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What Does a Communicative Disorders Assistant Do?

By Debra Barnhart
Updated Mar 03, 2024
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A communicative disorders assistant works with a speech-language pathologist or audiologist to treat communication problems. Communication impairments can be caused by disease, accident or difficulties with reasoning and perception. The job title communicative disorders assistant is used in Canada where there are several colleges that offer programs in preparation for this career. In the US the term speech-language pathology assistants or speech pathology assistants is often used for this position.

The main duties of a communicative disorders assistant are problem assessment and application of treatment suggested by speech-language pathologists or audiologists. Communicative disorders assistants handle patients with a variety of problems. Their patients could have speech or hearing limitations or cognitive impairment.

Communicative disorders assistants work with all members of the population, from children to adults, and the job requires a great deal of flexibility and insight. The right treatment must be applied based on the patient’s unique problem and personality. A communicative disorders assistant might use story-telling to improve a preschool child’s pronunciation of certain sounds, while an adult patient with aphasia — the inability of the brain to process verbal or written language, might require focused attention on conversation techniques and the use of writing or pictures to communicate. Communicative disorder assistants are also responsible for monitoring and reporting patient progress.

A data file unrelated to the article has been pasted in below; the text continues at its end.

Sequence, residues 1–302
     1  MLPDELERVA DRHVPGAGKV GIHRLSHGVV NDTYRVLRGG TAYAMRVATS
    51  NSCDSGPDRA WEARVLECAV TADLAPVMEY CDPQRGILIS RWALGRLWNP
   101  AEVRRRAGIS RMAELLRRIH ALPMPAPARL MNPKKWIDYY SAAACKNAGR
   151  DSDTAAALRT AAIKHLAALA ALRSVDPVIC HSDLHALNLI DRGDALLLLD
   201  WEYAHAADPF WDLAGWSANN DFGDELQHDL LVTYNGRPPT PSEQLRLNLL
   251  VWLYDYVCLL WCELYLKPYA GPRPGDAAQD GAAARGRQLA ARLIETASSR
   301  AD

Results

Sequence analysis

In addition to being knowledgeable about speech and hearing pathology, the communicative disorders assistant should also be familiar with occupational and behavioral therapy techniques. For example, an autistic child most likely will require the use of behavioral therapy methods and the reinforcement of good actions. An adult victim of a car accident will probably respond better to occupational therapy methods that focus on resuming normal daily activities.

Training and program length for communicative disorders assistants and speech-language pathology assistants vary between countries. Programs in Canada range in length from one to two years and generally require some post-secondary education. Two-year associate’s degree programs for speech-language pathology assistants are available in the US and are generally considered a preparation to move toward a more advanced degree.

Treatment for communication disorders occurs in a variety of places. Work settings include hospitals and long-term care facilities. A communicative disorders assistant might also work in a auditory clinic or a school.

Treating communication problems often involves the use of methods or tools to provide alternate ways to communicate. Examples of this are speech generating devices or pictures to aid understanding and interaction. Communication disorder assistants use phonology — the study of speech sounds, and audiology — the study of hearing, in treating difficulties with communication. Aural rehabilitation enables patients to adjust to hearing loss and learn new ways to overcome hearing impairment and relate to others.

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